This review is for Hobby King Transparent Red PLA filament, in 1.75mm. I will be going over it’s print quality, ease of printing, and performance in price.
Test Bed for the Review
The test bed for this review of the Hobby King Transparent Red PLA is my ever faithful Tevo Black Widow. It’s been upgraded with a pieced together Volcano hot end using Micro Swiss goodies.
It also has a glass bed, parts cooling, TMC 2100 drivers on the X and Y, and finally the wonderful community firmware from the Black Widow Facebook Group.
I typically print my PLA filament at around 210-220c, depending on the model. This PLA ran through the temperature quality test best at 210c on my setup. I printed all of the test samples at 220c to guarantee good layer bonding.
They are printed at .2mm layer height with 30% infill and two perimeters and 4 top/bottom layers. I have my print bed on my Black Widow heated to 60c. These are my typical settings while printing out ‘usable things’, not just trinkets or models.
|Print Temp||Bed Temp||Bed Surface||Cooling Fan|
|210c||60c||plain glass||yes, 80%|
What is Hobby King?
Hobby King is an online shop specializing in RC hobbies and 3D printers and supplies. This is my first roll of Hobby King 3D filament. I’ve read good things on the filament from popular blogs and Facebook groups online. The ordering process for Hobby King was easy and they offer text/email updates for shipment, which is very nice.
The shipment took three days from start to finish for the filament to arrive at my door step. The packaging was solid, but plain. The filament came in plain cardboard boxes with no graphics what-soever.
The spool was vacuum sealed with a desiccant pack and was tightly wrapped with plastic cling wrap around the actual filament to prevent un-spooling. There were no rips in the bag.
Hobby King lists the filament with the name ‘Bright Red‘ on their website, but the product number that I received matches what is listed online.
The Hobby King Transparent Red filament, as it’s name would suggest, is transparent and a nice bright red colour. It is very uniform in diameter, with tolerances within 0.02mm. In the hand it feels a little bit ‘slicker’ than other PLA filament that I have used. It feels more like PETG than PLA.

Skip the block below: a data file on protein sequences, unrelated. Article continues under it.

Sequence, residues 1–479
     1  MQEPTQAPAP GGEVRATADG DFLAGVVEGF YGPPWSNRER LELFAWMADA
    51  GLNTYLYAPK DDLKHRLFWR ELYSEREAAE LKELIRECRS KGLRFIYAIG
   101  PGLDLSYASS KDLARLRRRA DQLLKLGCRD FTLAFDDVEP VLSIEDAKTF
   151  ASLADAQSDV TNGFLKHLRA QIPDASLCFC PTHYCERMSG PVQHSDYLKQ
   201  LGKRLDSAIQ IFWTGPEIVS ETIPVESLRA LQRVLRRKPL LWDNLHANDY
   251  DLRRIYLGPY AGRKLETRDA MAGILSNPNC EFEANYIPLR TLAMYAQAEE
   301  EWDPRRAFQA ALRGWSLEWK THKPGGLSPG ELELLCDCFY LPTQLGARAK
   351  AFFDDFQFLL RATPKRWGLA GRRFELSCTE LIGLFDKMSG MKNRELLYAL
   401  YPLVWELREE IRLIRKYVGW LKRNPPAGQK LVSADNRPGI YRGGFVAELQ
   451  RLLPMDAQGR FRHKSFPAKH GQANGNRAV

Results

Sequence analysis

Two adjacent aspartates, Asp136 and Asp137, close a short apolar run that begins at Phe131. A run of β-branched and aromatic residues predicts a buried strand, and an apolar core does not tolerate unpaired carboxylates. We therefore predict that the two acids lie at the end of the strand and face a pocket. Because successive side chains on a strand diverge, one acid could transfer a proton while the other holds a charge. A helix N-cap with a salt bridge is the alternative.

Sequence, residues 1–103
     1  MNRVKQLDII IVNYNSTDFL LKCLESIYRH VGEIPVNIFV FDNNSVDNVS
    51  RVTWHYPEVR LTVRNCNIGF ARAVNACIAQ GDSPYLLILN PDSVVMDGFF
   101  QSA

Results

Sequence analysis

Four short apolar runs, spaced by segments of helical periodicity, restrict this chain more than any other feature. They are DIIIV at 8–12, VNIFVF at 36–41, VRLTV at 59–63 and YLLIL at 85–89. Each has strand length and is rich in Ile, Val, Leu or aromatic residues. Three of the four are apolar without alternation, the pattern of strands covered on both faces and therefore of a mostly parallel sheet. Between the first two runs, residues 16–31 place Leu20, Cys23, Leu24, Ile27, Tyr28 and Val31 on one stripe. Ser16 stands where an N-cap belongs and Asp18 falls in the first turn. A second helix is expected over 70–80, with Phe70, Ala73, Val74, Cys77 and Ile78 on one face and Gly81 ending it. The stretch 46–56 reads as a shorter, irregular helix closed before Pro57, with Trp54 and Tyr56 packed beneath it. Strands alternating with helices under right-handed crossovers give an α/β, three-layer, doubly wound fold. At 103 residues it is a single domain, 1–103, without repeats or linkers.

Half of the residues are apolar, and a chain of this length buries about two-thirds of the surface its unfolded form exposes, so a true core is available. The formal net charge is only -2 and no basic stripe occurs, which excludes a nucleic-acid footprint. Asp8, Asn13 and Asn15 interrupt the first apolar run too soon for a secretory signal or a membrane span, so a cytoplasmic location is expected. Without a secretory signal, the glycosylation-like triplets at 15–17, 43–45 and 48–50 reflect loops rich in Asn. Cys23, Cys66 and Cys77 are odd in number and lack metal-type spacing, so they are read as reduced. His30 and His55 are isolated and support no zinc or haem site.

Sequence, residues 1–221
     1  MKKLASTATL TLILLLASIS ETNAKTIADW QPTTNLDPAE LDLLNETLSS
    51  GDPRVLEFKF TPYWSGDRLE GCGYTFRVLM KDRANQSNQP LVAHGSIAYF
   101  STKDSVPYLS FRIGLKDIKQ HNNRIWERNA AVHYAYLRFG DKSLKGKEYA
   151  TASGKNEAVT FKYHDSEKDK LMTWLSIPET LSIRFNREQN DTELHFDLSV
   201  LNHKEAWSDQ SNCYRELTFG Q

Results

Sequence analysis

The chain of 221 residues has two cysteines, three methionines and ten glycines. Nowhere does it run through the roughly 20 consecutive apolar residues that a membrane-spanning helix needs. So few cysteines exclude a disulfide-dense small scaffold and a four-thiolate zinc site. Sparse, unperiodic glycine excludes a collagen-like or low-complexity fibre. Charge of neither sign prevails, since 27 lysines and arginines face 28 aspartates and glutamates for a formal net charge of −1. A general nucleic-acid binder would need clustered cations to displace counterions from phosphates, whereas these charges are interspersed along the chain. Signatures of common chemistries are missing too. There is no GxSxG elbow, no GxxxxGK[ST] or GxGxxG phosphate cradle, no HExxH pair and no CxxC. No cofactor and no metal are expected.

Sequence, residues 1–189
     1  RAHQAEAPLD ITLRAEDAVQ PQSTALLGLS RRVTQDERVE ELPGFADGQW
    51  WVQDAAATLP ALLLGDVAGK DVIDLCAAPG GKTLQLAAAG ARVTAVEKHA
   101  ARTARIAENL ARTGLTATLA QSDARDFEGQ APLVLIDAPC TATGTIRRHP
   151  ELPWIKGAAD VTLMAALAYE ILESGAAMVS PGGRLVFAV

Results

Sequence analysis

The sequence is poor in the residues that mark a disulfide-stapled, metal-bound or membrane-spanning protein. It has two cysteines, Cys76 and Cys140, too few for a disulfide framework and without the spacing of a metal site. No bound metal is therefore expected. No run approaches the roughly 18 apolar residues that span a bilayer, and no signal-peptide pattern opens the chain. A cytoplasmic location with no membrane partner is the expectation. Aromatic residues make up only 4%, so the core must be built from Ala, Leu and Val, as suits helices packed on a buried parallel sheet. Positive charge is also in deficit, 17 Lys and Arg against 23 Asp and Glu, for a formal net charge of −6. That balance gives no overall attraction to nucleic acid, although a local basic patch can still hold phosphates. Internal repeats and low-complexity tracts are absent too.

First Failure… RIP: ‘Mistor Duct
This is kind of embarrassing. My first test print failed and it failed hard. The print came loose from the bed plate and formed a hot wad of filament around my nozzle and hot end. It killed a thermistor and my cooling duct, so next time you’re having a drink… pour some out for my duct and thermistor.
Let’s Get Printing!
The Hobby King Transparent Red printed bright, clean, and shiny. The colour is gorgeous, but I really like red colours.
I printed a few other random models and also an E-Nable Phoenix Hand that will be donated to some very lucky boy or girl.
I had no issues printing any of these things. There was no warping and all models were proportionally accurate with the measurements that I had specified.
Some of the cheaper filament that I have used in the past will have intermittent patches of under extrusion or even missed extrusion. None of that happened on any of my tests with this Hobby King Transparent Red filament, just strong, smooth, and solid extrusion. I really like the colour.
The only slightly negative thing I would say about this filament in the smell. It’s definitely the stinkiest PLA that I have ever used. Most brands give no smell or some slight sweet scents. This smelled like I was processing maple syrup in my work space.
Also, since the filament is transparent it gives off awesome lighting effects!
The Nitty Gritty, Should You Buy It?
I wasn’t expecting much from bargain priced PLA. This Hobby King Transparent Red does print very nice and looks fantastic. It normally sells for under $15 USD a 1KG roll, and shipping is reasonable in the ‘States.
I can’t comment for any of my friends across the pond or up the the frozen tundra, so YMMV. It’s cheap enough to take a gamble on, and I’m glad that I did. In the future I will try out some of Hobby King’s other filaments.
Check out some more pictures of my prints in the gallery below!
Also, don’t forget to check out my blog at Nubwerkes.com. I use my printers to print free 3D printed hands for others!
Like what you see? Send me a donation to paypal.me/nubwerkes, all proceeds will go towards the purchasing or supplies and postage for printing assistive devices.